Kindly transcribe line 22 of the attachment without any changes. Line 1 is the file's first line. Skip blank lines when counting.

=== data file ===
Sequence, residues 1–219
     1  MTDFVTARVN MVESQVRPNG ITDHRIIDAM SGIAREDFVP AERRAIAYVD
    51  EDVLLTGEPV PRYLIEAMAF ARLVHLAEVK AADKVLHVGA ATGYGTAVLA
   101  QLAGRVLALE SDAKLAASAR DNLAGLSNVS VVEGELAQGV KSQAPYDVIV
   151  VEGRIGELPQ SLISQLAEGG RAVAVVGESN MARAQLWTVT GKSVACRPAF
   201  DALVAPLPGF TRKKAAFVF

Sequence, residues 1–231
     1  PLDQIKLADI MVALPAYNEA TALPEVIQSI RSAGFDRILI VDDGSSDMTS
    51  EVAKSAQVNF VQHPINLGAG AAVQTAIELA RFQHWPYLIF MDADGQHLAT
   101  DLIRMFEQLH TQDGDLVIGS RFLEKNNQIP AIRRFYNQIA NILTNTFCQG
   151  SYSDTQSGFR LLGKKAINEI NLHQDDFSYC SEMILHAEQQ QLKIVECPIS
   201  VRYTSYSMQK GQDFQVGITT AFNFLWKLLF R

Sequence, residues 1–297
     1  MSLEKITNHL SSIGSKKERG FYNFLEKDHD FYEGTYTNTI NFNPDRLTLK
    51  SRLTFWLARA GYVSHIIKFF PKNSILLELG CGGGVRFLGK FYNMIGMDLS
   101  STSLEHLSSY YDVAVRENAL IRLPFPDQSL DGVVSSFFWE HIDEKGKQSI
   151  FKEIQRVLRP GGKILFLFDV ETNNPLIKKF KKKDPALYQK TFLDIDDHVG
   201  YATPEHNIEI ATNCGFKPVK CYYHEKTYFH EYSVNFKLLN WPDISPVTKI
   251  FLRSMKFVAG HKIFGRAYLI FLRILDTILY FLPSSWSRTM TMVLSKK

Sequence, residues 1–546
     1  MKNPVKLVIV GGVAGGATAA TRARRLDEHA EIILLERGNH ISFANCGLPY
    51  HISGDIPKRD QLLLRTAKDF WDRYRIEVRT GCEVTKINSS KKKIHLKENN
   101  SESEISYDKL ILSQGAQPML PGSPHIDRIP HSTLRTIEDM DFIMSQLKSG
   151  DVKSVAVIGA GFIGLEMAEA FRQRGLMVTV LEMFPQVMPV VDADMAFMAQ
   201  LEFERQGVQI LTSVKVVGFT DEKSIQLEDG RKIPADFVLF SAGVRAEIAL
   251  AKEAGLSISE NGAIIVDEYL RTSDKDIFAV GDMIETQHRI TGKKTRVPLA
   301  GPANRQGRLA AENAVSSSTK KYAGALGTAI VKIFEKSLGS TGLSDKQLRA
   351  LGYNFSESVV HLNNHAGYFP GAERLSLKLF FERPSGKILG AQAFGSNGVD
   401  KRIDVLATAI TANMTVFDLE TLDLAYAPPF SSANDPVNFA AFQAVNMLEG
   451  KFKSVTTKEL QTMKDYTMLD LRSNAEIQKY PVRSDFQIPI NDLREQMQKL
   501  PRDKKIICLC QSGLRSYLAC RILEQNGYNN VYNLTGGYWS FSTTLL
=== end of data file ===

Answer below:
    51  HISGDIPKRD QLLLRTAKDF WDRYRIEVRT GCEVTKINSS KKKIHLKENN